3. Higher yield in credit is a feature of the current investment environment but credit has a relatively high correlation to equities and spreads are already hovering near record lows. Some credit markets also have considerable duration risk.
  4. Buying defensive characteristics in quality equity exposures, high dividend or defensive sectors can also play a role although equity beta is still high, and these sectors also carry an exposure to rising bond yields.
  5. Offshore currency exposure for an Australian investor has provided portfolio diversification benefits during equity drawdowns with unhedged global equities providing similar performance to that of high yield during equity bear markets over the past two decades.

The chart below shows the performance of a range of these assets during the last three major equity market drawdowns.

Investors want the best of all worlds

Investors desire income, growth, downside protection and inflation protection although often in different doses. Projected income returns are now very low, growth exposures come with a heavy price tag, while downside protection and inflation protection are generally expensive, sometimes illiquid, and difficult to access.

Rather than think in terms of an arbitrary 60% growth and 40% defensive portfolio, investors need to think in terms of the growth/defensive continuum and building a robust portfolio for a range of different environments. Defensive assets are often characterised as such based on having lower volatility but perhaps investors should be more concerned about the ability of an asset to provide downside protection in different scenarios.

Bonds provide downside protection in deflationary environments but not in periods of inflation. Inflation-linked bonds, gold and commodities are more volatile, but may provide a defense against inflation. Protection strategies, gold and bonds may be useful in a deflationary environment. Infrastructure and property assets offer modestly defensive characteristics in disinflationary scenarios but perhaps not so in economic downturns or rising inflation and interest rate phases. Some growth assets have relatively more defensive characteristics than others if they carry a certain factor, sector or regional exposure.

For Australian investors, unhedged global equities can provide some downside protection. By understanding an asset’s attributes in different circumstances rather than merely focusing on volatility and arbitrary definitions of growth and defensive assets, investors will be better placed to build truly balanced portfolios for the more challenging investment environment ahead.

 

Damien Hennessy is Head of Asset Allocation at Heuristic Investment Systems, a subsidiary of Zenith Investment Partners. This article is general information and does not consider the circumstances of any investor.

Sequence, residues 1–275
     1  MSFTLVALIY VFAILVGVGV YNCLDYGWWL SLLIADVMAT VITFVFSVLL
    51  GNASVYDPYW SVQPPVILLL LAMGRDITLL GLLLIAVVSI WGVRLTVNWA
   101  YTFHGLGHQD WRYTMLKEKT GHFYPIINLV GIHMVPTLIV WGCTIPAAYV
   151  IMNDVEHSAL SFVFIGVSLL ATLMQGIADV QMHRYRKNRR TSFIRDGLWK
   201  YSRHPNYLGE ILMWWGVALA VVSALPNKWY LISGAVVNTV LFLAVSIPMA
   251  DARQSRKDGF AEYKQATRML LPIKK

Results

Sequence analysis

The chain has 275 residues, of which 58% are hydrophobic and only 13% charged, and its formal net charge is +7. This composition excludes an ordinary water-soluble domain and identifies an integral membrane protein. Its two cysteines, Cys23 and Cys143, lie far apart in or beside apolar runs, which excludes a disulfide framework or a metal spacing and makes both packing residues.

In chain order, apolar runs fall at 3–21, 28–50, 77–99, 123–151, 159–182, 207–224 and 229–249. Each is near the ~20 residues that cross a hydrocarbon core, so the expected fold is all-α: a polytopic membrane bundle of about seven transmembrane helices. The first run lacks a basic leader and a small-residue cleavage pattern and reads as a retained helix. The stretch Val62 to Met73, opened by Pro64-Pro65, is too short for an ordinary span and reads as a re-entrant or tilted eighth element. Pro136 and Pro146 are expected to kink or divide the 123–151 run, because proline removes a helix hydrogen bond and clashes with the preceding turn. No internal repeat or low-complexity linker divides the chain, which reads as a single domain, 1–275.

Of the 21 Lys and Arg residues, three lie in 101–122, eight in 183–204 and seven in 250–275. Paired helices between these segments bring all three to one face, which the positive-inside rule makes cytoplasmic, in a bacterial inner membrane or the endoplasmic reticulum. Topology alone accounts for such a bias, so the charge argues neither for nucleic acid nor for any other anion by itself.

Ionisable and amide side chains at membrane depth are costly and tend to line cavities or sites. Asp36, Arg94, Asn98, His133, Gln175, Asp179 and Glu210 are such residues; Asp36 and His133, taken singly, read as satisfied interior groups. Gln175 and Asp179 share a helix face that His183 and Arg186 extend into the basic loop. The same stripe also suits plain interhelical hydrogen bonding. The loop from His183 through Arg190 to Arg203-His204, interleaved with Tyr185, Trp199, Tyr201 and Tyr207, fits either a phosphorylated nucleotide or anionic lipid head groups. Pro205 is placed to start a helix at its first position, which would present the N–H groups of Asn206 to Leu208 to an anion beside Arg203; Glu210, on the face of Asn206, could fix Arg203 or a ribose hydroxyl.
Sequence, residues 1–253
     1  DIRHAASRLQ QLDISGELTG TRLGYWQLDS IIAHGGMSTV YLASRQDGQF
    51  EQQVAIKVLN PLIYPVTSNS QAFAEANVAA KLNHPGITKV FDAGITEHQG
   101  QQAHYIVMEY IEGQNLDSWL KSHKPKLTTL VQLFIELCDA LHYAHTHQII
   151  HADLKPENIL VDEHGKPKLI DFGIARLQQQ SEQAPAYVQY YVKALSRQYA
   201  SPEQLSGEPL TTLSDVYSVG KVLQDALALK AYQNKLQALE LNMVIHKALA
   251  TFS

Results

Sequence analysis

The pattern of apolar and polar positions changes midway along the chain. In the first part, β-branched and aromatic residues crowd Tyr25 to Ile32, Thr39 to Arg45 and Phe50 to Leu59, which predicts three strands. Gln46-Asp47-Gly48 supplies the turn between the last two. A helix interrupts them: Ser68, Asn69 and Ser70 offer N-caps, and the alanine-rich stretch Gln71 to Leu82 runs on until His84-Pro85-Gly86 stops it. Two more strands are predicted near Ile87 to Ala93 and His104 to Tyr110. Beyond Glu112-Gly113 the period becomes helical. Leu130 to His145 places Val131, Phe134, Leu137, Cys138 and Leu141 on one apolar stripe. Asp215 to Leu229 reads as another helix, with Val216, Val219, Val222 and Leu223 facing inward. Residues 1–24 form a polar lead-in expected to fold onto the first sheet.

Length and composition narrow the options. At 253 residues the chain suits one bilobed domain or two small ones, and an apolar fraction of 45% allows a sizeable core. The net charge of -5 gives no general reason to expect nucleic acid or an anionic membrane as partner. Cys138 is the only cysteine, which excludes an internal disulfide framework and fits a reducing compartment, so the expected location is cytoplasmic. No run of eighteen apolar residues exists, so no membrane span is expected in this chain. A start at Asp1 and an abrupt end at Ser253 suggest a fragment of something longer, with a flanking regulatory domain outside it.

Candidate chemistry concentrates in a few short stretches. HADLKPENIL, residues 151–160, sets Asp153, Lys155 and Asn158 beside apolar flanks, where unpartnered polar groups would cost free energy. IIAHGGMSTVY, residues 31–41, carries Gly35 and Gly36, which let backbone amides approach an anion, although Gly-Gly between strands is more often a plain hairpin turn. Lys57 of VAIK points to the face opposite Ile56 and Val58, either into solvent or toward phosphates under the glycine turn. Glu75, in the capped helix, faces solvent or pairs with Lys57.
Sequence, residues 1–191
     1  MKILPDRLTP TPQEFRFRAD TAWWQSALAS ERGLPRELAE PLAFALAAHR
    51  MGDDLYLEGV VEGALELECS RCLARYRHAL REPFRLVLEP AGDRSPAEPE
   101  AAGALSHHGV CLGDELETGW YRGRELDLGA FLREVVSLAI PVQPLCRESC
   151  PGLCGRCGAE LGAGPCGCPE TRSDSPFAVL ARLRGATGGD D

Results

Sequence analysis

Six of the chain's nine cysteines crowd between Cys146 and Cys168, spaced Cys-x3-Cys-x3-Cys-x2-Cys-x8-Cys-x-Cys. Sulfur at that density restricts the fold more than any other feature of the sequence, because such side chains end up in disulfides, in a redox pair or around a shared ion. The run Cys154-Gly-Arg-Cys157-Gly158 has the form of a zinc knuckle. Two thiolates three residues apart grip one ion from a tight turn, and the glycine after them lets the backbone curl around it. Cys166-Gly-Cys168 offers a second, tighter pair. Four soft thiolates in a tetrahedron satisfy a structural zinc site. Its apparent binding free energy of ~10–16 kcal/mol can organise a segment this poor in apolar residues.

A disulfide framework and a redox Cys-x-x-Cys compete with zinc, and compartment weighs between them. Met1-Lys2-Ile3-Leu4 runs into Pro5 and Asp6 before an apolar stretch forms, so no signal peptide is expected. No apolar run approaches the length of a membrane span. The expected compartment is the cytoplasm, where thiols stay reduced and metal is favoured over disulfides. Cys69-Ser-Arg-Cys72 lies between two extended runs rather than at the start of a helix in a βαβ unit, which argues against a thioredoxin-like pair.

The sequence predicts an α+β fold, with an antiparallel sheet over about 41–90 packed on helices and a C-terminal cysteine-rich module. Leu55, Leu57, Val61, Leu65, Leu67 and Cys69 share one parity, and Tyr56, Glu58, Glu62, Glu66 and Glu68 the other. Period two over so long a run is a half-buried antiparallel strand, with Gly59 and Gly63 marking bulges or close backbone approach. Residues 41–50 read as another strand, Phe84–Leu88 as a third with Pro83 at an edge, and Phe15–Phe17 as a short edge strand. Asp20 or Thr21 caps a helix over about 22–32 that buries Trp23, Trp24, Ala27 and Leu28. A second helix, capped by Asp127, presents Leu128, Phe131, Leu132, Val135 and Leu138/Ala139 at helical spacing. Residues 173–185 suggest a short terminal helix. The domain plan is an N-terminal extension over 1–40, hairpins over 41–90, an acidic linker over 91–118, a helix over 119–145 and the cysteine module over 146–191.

2 Comments
SMSF Trustee
August 02, 2021

Well, my portfolio is structured like this:
- TD's sufficient to cover 5-7 years of expenditure
- the rest is in a mix of 65% growth, 25% corporate bonds, 10% actively managed TAA funds

The TD's mean that if the equity or property markets take a dive, I don't have to touch the rest of the portfolio until it's recovered.

I realise not everyone will have anything left if they allocate 5-7 years of expenditure in TD's, but I think the principle is reasonable.

Never, ever, use low yielding government bonds in this strategy. Who cares about having a bit of the portfolio that performs like crap most of the time but does OK when the stock market falls if you've already got your income needs covered. Go for higher yielding corporate bonds like Bentham's global income fund.

Growth allocation is biased domestically because of franking credits.

Doug Turek
July 29, 2021

Important contribution. Well done. Engineered, repressively-low yields coupled with possibly mean reverting high P/E and E equities, even before worrying about rising prices, indeed creates a pessimistic outlook for returns and sustainable withdrawals. While I read 75/25 is the new 60/40 I wonder if instead the simplistic bucket theory approach to allocation is the (new?) paradigm, eg. hold 2-3 years of spending in cash and growth-asset invest the rest? and so forget % targets, forget most bonds, and learn to live with volatility (and franking credits). With cash, and bonds yielding, less than 1%, some of the short-term bucket can for probably the first time much more justifiably be gold (unhedged for downside protection and maybe hedged for inflation/falling-US$ protection) and non A$-currency exposure outside equities. Locally I am still looking for a non-A$ defensive bond/currency fund*, ie. medium-duration, high/medium credit duration US$ (or basket with Yen & SFR) bonds. It seems we can only find USD (cash ETF) or quite long duration (eg 8 years?) non-A$ gov't bonds which offering maturity risk. (*not all want to buy direct bonds or buy enough if they do for sufficient diversification). Some new downside protection products arguably could fit into this role.